The harp was the instrument of kings and chiefs for many centuries. The harper, along with the bard, was responsible for passing on the songs, stories, genealogies, laws, legends, and myths in the pre-literate societies of northern Europe. The harp went into decline due in part to political upheaval that started in the 16th century and later because of the increasing use of chromaticism in the music of the aristocracy. The folk harp had a brief period of renewed interest with the "Celtic Twilight" movement of the late 19th century. The current popularity of the harp in the United States began about 1970 with the first publication of the Folk Harp Journal by Robbie Robinson. Until 1990 or thereabouts the FHJ was published primarily for builders and the knowledge was freely shared amongst the luthiers. Consequently the quality of instruments available in the United States is very high. There are a few companies which employ some dozens of workers and any number of individual luthiers doing very fine work.

Julia Lane's Harp

Celtic Harp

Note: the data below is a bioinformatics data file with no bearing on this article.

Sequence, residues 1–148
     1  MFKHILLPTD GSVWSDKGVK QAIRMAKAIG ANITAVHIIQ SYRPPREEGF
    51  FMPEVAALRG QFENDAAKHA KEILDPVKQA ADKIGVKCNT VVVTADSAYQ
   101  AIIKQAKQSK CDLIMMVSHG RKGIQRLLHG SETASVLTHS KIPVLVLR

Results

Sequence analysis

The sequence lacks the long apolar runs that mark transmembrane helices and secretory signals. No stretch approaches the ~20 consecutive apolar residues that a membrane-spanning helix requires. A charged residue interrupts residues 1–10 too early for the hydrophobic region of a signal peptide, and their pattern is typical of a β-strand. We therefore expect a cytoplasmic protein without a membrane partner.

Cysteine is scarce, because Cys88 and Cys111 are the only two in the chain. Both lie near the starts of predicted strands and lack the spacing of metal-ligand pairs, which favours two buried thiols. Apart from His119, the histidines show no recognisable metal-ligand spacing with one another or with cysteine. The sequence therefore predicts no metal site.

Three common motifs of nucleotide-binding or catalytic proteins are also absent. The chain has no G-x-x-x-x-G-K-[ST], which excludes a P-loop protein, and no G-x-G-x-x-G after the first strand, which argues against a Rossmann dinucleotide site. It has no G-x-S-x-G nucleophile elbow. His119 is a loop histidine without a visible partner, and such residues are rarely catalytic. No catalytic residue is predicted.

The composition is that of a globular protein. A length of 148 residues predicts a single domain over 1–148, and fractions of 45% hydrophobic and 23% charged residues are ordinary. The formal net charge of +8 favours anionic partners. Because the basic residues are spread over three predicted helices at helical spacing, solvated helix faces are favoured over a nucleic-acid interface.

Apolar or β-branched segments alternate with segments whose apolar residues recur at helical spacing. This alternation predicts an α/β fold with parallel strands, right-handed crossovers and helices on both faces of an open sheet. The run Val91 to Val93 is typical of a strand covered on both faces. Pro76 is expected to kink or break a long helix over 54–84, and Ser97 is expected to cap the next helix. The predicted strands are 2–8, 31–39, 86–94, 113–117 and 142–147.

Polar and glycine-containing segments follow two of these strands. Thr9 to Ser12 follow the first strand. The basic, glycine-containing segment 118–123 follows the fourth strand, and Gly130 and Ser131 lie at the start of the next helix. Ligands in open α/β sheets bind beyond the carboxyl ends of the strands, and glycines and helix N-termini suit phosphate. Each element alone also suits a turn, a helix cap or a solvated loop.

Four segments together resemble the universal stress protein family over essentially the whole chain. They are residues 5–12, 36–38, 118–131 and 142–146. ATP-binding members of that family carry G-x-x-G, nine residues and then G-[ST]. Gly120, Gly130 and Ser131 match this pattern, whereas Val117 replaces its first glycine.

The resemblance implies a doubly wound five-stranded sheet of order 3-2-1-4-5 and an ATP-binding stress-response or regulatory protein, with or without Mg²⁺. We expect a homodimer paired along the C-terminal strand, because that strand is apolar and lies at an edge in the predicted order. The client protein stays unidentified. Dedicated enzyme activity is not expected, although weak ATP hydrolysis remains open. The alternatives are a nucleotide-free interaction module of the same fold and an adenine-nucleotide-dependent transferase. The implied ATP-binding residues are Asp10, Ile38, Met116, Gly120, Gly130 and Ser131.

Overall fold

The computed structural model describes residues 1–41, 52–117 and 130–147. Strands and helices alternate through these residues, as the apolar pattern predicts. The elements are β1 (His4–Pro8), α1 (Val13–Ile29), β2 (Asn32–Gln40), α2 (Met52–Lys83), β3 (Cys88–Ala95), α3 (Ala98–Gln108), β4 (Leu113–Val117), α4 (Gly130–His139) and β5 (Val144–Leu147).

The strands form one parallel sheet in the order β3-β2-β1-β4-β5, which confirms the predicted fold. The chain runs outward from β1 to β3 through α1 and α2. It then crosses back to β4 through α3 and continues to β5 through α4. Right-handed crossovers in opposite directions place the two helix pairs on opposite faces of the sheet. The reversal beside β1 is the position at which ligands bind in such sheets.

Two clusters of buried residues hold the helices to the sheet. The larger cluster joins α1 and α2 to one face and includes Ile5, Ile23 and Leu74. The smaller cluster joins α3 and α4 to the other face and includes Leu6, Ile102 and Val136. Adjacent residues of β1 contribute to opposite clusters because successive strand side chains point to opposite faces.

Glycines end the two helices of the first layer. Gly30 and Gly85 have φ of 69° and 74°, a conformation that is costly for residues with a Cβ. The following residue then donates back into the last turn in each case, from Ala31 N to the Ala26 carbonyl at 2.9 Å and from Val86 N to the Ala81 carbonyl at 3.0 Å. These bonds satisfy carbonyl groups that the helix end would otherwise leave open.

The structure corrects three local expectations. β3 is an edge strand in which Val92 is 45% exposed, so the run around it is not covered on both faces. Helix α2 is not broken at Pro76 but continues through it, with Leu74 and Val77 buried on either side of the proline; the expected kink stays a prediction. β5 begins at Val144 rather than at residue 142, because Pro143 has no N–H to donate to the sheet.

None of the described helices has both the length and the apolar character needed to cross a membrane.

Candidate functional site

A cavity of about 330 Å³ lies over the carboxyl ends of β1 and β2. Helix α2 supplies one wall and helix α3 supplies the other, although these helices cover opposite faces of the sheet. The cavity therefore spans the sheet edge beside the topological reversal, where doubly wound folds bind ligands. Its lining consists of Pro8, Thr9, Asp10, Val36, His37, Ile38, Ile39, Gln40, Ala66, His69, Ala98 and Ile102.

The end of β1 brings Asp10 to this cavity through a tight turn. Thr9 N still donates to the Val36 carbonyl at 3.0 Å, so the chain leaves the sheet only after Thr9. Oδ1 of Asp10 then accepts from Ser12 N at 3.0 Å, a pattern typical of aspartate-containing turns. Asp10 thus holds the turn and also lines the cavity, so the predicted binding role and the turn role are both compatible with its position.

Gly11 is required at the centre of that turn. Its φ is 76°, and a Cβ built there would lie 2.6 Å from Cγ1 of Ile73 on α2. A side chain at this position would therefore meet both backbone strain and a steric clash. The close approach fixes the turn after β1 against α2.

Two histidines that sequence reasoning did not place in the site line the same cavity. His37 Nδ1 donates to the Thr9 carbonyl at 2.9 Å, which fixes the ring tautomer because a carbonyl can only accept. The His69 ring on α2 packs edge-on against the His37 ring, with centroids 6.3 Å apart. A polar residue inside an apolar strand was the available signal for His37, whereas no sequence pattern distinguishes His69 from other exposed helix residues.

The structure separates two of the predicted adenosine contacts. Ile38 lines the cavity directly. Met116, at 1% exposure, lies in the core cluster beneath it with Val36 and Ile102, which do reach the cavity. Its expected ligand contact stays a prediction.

Julia's harp is a custom 5-octave instrument built by Fred Gosbee in 1998. The inlay on the pillar is an obvious custom feature. Less noticable is the oversize sound box. This harp holds about 40% more air than most other harps in its range, which contributes to the resonance.

Julia plays with her fingernails, which is an older technique than is usually practiced today. This gives each note a distinct attack and leads to a wonderful clarity of the musical line.

The harp is is featured on several solo tracks on Yuletide Treasure, as well as in duo arrangements with Deborah Friou's harps.

Angels We Have Heard was recorded using a Webster Cecelia 35-string harp. This is the harp that she now uses when she performs in Europe.


Dusty Strings FH 36

dusty strings harp
Deborah Friou performs on a Dusty Strings FH 36 square backed harp, perhaps the most popular folk harp in America.

Triplett Wire Harp

Click here for more information about Triplett wire harps

triplett harp
The wire harp has a bell-like quality of sound. The usual technique is to play with the fingernails. However, for players like Deborah, who play with the pads of the fingers, the string spacing and tension of most wire harps makes them difficult to play. This Triplett harp was specially designed with the "pad player" in mind and has wider string spacing and a lower string tension than usual. Consequently the harp has a very light, ethereal sound.

On Yuletide Treasure this harp is played solo and as a wonderful textural accompaniment to Julia Lane's Greenwood harp.

2006-08-06 Castlebay, Inc.
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